The duo between the young screenwriter and the director Yahia Mouzahem seems to work perfectly to breathe a good dose of reality into the series, far from the plan-plan stereotypes of certain Ramadan series which target a large and “family” audience during Ramadan prime time. The acting of the actors – including the leading roles and the very inhabitants of the district, as well as the child actors – should be highlighted, which was hailed by an increasingly won over audience.

This realism and the subjects covered, in particular the phenomenon of drugs in schools, did not fail to make the most conservative react. For example, this MP who told the media that the series “encourages the proliferation of narcotics in schools because it shows that it is a quick and effective way to earn money”. The same elected official insists that “audiovisual productions must have a role in raising awareness in society”. “They must deal with social ills with responsibility, presenting solutions and through a well-chosen language of dialogue that respects the [cultural and moral] references of Algerians”, continues the deputy.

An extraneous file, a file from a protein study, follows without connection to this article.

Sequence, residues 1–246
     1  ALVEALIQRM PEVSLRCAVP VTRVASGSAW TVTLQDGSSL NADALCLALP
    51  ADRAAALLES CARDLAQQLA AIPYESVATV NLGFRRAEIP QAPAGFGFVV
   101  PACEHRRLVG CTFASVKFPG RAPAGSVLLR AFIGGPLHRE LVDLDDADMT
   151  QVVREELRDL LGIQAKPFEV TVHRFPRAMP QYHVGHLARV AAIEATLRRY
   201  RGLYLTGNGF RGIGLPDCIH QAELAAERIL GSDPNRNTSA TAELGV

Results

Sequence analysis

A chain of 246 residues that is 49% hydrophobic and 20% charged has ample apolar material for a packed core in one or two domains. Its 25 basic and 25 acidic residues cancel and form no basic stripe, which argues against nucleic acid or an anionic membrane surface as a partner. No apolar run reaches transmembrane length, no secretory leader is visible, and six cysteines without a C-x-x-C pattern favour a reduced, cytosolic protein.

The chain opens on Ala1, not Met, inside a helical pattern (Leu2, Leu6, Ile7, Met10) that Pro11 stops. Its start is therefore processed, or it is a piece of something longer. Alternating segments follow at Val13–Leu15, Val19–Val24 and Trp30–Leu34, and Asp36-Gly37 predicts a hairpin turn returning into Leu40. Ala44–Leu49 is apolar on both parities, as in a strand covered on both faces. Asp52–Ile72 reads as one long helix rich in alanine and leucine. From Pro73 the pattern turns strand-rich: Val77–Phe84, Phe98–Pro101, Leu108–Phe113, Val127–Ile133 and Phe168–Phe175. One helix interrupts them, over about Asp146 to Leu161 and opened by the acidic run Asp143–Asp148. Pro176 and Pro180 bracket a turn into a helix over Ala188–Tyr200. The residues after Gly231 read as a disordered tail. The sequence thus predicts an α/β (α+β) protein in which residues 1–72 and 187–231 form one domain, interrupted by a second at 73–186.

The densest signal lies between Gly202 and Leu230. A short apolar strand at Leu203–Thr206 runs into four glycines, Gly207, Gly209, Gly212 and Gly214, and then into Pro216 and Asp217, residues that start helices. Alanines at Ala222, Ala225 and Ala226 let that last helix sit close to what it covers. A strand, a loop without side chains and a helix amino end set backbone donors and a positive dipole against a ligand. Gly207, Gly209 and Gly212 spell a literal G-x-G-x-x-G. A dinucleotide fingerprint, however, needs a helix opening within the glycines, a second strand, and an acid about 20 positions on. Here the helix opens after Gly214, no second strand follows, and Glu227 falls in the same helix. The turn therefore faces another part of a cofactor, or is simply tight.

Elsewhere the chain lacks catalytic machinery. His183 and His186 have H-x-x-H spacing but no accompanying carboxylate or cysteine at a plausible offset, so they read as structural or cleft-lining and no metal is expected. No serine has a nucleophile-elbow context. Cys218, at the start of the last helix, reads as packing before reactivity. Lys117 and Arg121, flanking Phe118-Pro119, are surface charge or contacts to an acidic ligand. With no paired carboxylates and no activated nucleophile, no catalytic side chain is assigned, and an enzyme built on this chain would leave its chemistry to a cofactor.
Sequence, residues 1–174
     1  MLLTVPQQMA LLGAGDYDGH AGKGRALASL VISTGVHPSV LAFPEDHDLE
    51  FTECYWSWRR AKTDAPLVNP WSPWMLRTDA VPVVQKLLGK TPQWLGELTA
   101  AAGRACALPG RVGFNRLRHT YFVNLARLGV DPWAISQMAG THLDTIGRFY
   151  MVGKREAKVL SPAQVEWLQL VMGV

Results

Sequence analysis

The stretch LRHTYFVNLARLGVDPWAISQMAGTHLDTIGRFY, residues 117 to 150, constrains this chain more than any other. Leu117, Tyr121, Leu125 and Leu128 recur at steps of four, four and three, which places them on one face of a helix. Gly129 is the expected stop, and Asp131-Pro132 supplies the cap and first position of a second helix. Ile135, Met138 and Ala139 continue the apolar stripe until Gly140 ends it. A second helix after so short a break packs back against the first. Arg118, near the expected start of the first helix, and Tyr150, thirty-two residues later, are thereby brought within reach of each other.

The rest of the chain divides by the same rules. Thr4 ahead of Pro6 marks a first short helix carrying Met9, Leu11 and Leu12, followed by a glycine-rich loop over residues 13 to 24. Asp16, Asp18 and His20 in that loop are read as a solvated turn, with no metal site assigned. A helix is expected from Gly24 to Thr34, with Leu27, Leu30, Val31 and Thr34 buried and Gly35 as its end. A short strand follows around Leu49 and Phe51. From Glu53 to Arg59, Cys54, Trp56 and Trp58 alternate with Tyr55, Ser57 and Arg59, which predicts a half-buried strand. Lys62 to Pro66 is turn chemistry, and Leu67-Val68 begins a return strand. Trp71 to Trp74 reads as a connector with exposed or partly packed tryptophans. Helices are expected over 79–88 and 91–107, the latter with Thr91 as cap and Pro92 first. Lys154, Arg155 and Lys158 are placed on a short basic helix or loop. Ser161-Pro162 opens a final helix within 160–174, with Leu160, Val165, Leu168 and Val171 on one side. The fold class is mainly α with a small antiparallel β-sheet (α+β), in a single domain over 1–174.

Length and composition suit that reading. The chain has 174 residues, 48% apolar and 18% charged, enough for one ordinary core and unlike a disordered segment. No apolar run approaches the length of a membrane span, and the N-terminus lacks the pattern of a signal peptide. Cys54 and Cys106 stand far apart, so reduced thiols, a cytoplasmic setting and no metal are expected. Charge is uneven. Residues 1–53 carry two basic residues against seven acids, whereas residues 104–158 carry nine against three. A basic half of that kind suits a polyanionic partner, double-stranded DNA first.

“Viewers have the right to discuss and argue about a work,” reacted director Yahia Mouzahem, while considering that some “criticisms mean absolutely nothing since a series is not a moral lesson” .

As for the language of the series, the director claimed that it was “our everyday language that we speak in our popular neighborhoods”.

“We are not going to ask a director to solve the problems of drugs or violence in our cities, a series or a film only reflects reality, and what this series shows is reality”, defends a user on social networks.

Debates and discussions quietly enlivened social networks and the media around the series, until the audiovisual policeman, the Audiovisual Regulatory Authority (ARAV), intervened with a bang, creating a new twist.

On Thursday, March 30, the ARAV indicated that it had “recorded, while viewing a public television program, in this case the soap opera El Dama, in its first episode, at the 19th minute 45 seconds, a scene showing a wall at the level of a market in Bab El Oued on which is written the name of a separatist movement classified as terrorist”.